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Fredericton High School is one of 76 schools in the Anglophone West district that could face a 30 per cent budget cut this year.

Schools in the Anglophone West district may lose 30 per cent of their budgets this year.

Heather Smith, president of the New Brunswick Teachers' Association, calls the potential cut drastic.

It could affect everything from programs, to class supplies and gym equipment at schools in the Fredericton, Oromocto, Woodstock and Edmundston regions.

Last week, schools were told 70 per cent of their budgets would be released right away, while the remaining 30 per cent would follow later.

But, that’s now uncertain, said Smith.

"What I did find out today is that perhaps that's not the case. The 70 per cent is coming now with no promise that the 30 per cent will come later," she said.

'Schools can't operate on a perhaps. They need to operate on what they know, which is the 70 per cent.' —Heather Smith, New Brunswick Teachers' Association

Schools could see more funding if the district can find other ways to save money, said Smith.

But "schools can't operate on a perhaps," she said.

"They need to operate on what they know, which is the 70 per cent. And actually until this week, schools didn't even know that.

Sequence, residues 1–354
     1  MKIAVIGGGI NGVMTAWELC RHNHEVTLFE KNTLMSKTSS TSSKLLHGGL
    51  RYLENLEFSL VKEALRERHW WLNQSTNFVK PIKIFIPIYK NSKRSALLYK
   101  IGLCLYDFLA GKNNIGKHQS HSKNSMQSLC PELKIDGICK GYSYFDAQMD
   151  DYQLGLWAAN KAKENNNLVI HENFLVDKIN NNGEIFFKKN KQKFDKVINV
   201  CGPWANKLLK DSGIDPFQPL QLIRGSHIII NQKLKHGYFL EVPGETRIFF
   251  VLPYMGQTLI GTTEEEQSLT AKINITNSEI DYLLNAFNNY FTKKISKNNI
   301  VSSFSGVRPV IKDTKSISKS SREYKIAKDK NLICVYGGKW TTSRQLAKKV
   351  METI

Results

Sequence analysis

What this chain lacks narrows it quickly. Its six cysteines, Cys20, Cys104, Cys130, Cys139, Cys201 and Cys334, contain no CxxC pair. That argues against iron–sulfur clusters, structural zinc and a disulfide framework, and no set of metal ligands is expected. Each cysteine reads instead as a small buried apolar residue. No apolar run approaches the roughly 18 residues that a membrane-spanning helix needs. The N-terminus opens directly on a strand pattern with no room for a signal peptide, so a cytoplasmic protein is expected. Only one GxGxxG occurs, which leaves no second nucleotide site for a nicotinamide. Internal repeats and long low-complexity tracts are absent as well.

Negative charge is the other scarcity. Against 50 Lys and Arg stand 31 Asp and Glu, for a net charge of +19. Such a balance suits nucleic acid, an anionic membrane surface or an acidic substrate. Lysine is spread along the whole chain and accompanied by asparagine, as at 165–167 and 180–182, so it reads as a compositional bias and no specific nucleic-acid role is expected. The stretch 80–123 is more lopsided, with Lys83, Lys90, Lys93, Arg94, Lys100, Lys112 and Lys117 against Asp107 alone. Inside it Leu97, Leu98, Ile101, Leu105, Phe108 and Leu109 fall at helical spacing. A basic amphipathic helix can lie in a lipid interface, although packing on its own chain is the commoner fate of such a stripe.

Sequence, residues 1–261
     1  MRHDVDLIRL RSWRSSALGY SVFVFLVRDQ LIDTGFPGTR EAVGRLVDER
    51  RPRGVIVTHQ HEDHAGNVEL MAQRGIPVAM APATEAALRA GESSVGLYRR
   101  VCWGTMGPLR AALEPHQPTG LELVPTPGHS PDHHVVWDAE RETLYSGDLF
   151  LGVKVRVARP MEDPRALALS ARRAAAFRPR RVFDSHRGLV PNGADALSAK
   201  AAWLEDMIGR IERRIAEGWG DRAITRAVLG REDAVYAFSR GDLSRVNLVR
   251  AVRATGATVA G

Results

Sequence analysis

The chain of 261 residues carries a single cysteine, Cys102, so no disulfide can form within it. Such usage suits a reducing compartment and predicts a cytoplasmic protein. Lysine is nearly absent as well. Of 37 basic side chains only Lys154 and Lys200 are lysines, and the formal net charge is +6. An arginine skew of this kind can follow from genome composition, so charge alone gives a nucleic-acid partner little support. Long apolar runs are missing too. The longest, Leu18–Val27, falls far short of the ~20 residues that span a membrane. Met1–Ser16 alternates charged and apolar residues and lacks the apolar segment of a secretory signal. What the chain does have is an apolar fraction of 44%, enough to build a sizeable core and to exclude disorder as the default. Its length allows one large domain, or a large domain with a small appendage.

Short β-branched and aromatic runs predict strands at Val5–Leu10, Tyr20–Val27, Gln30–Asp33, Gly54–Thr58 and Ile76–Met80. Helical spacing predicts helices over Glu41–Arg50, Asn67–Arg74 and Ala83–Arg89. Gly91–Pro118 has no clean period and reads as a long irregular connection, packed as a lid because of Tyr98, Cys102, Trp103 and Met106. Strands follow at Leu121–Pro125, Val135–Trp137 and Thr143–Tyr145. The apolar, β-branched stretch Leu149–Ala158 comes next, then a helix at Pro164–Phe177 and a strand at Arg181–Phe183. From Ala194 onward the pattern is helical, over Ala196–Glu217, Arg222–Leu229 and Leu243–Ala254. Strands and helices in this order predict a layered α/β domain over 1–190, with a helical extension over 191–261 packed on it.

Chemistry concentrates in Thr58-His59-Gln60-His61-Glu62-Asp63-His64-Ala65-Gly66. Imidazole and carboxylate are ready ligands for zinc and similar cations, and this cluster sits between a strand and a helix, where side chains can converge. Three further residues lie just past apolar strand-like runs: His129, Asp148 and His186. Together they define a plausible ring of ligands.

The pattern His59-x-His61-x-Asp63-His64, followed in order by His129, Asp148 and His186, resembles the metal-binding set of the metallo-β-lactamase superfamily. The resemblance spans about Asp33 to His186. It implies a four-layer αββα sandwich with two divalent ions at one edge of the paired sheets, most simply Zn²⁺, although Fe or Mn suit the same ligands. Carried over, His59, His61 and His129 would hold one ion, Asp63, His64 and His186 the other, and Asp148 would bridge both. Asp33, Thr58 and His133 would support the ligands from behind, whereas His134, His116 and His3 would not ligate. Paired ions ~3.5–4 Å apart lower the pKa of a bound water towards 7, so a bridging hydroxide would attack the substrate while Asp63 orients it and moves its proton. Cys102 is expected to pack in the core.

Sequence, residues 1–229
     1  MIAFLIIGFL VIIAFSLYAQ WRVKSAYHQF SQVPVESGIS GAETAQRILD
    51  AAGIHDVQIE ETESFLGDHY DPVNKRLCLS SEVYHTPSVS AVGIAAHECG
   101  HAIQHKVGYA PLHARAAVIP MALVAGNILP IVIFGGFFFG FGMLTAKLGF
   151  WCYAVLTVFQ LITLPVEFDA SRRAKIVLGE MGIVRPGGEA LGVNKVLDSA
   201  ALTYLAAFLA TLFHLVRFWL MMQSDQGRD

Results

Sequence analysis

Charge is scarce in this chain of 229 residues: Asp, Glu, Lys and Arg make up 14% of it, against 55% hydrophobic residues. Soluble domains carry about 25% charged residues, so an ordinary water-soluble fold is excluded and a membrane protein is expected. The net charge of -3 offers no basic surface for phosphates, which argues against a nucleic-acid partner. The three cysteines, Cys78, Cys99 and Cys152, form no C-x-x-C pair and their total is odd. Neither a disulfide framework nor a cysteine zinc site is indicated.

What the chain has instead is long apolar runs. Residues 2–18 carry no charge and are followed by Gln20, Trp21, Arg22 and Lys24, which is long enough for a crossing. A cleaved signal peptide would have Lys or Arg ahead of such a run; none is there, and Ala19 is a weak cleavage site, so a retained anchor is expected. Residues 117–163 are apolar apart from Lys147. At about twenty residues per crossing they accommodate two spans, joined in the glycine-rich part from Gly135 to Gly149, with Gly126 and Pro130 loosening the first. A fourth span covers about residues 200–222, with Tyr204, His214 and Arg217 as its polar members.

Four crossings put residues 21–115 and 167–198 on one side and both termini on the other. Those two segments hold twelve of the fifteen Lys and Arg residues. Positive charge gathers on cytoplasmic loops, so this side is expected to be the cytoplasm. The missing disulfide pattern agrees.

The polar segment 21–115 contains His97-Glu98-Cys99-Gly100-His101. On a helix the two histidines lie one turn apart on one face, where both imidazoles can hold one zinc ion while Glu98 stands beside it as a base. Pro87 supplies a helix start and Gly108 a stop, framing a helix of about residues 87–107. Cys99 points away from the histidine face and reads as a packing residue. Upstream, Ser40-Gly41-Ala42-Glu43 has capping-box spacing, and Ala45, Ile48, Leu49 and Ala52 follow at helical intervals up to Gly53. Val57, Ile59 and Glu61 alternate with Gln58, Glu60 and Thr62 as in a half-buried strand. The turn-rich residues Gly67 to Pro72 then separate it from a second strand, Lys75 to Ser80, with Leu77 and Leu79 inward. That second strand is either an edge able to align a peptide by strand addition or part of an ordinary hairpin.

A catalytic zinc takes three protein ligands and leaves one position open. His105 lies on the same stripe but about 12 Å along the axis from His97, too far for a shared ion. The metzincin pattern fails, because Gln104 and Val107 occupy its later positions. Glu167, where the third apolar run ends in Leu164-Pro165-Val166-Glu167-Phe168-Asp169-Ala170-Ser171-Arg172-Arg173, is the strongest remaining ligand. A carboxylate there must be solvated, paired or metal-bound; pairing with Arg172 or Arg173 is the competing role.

"Until this week, schools were under the impression they would have at least the same budget they had last year."

Teachers worried

Smith says she's already hearing from some teachers who are feeling the belt-tightening.

"We're six weeks into the school year and we don't have a budget. So, our school has no budget, we can't purchase anything. Our principals are telling us there's no money, they can't authorize any spending."

Smith says her fear is that programs are going to be cut and that teachers will end up paying out of their own pockets to fund what they believe are essential programs and supplies for their students.

The Department of Education announced in January that it was redrawing the province's school district boundaries, decreasing the number to seven from 14.

At the time, Education Minister Jody Carr said the move would save the department $5 million annually.

The reorganization included 65 positions being eliminated.